What if someone told you – “I know a huge secret, but I’m not telling you now” OR “ I know where this treasure’s hidden, but gotta catch a bus so tell you later”.

How would you feel? Of course you’d be intrigued – and probably set out to get to the bottom of the mystery.

Now this is the story of one such mystery that sent the best mathematicians on a ‘treasure hunt’ for 350 years.

To understand the mystery you should first recall good old Pythagoras theorem.

So if a = 3 and b = 4,

a ^{2} + b ^{2} = 3^{2} + 4^{2} = 9 + 16 = 25 = 5^{2}

So c = 5

Thus we have **3, 4, 5** – a Pythogorean triplet- three numbers such that if we add the squares of two of them we get the square of the third.

What other numbers could a, b, c be? Just google it and you would find that there are infinitely many Pythagorean triplets. This means there are so many triplets out there in Integer Number land, such that adding the squares of two of them gives the square of the third.

Now Pierre de Fermat, on a beautiful day long long ago, wanted to find a triplet that would answer

a ^{3} + b ^{3} = c ^{3}

That is, the sum of cubes of two numbers giving the cube of the third number. He could not find any. In fact he soon concluded it was almost impossible to find integers x, y, z such that

x ^{n} + y ^{n} = z ^{n, f}or n > 2

Now, for Mathematicians, “could not find” is not same as “does not exist”. To prove that it is impossible to find triplets similar to Pythagorean triplets for powers of 3, 4 etc, he had to give a mathematically solid proof that they **did not** exist.

And one day in 1637 it dawned on him – the proof. “Tadaaa!!!” he would have said(though, being French, he would have in all probability said ‘Voila!’). So he noted on the margin of the book he had with him:

‘ …*I have discovered a truly marvelous proof of this, which this margin is too narrow to contain*’.

They discovered this note thirty years after this death, but could not find any further detailing of the proof mentioned, among any of his books.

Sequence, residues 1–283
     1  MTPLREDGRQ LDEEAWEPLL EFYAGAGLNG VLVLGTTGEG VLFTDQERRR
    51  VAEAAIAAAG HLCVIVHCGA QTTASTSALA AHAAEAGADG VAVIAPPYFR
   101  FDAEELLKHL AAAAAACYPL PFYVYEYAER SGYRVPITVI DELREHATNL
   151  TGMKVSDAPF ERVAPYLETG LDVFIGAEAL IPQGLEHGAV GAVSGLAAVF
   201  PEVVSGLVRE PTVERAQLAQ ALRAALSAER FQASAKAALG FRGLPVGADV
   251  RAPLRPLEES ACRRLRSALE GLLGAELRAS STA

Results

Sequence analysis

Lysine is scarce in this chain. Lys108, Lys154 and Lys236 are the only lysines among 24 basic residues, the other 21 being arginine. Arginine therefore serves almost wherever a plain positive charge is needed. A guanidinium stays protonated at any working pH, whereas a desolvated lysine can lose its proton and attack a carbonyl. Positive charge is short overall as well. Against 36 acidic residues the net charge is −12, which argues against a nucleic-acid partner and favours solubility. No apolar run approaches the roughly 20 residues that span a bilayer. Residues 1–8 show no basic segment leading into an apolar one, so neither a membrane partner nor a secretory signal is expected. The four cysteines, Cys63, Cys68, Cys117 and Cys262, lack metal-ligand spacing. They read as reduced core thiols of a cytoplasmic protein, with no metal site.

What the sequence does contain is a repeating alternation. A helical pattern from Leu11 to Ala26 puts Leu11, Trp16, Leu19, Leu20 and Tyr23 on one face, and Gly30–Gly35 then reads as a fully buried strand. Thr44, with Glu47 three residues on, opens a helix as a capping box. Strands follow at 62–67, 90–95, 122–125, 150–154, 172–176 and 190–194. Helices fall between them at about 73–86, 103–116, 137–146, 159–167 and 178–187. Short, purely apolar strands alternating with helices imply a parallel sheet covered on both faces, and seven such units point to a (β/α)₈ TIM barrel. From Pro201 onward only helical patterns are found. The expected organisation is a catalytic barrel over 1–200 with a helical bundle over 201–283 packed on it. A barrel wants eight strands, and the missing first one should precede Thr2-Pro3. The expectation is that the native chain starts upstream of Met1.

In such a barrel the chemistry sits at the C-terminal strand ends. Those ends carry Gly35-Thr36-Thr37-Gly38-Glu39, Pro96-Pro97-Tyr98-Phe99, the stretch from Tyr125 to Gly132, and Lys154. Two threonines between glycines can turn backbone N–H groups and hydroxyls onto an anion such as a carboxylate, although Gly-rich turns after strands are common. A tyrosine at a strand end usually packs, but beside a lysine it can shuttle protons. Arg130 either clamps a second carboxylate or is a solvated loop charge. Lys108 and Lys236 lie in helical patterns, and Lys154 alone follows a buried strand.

And thus began the mathematical treasure hunt that lasted centuries. It even got a place in the Guinness Book of Records as the most difficult math problem, owing to the number of unsuccessful attempts to solve it.

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Sometime in the early 1960’s, Andrew Wiles, a ten year old, in England, stumbled on to this theorem and the story that followed. He was excited and decided that HE would be the one to solve it. But soon he realised that it was much beyond his knowledge and dropped the idea as an impossible childhood fantasy.

Later he went on to graduate in Mathematics from Oxford and even got a PhD from Cambridge. Later he joined Princeton University as a Professor. In the late 1980’s he was reminded of his dream by some discussions about the theorem. He started to work on it secretly and finally in 1996, he did it- he found a proof to Fermat’s last theorem, thus solving a 350 year old mystery.

In March 2016, he was awarded the Abel prize( as prestigious as the Nobel prize)- truly deserved , don’t you agree?

The Fermat theorem puzzled Mathematicians and the race to solve it gave rise to many new areas of Mathematics. The image shows a stamp in honour of Fermat and Wiles, and also some humour (yes, mathematicians laugh too) inspired by this fascinating theorem

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